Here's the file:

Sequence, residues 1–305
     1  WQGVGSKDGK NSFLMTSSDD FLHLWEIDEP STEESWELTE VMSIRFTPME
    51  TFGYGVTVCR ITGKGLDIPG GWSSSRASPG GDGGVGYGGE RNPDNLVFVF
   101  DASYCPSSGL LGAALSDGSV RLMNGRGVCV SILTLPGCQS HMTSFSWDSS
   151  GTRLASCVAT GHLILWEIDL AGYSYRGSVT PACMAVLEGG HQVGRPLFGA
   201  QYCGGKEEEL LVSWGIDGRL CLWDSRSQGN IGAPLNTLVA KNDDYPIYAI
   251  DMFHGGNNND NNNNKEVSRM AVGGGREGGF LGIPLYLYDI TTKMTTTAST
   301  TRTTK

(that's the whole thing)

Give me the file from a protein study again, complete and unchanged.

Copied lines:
Sequence, residues 1–305
     1  WQGVGSKDGK NSFLMTSSDD FLHLWEIDEP STEESWELTE VMSIRFTPME
    51  TFGYGVTVCR ITGKGLDIPG GWSSSRASPG GDGGVGYGGE RNPDNLVFVF
   101  DASYCPSSGL LGAALSDGSV RLMNGRGVCV SILTLPGCQS HMTSFSWDSS
   151  GTRLASCVAT GHLILWEIDL AGYSYRGSVT PACMAVLEGG HQVGRPLFGA
   201  QYCGGKEEEL LVSWGIDGRL CLWDSRSQGN IGAPLNTLVA KNDDYPIYAI
   251  DMFHGGNNND NNNNKEVSRM AVGGGREGGF LGIPLYLYDI TTKMTTTAST
   301  TRTTK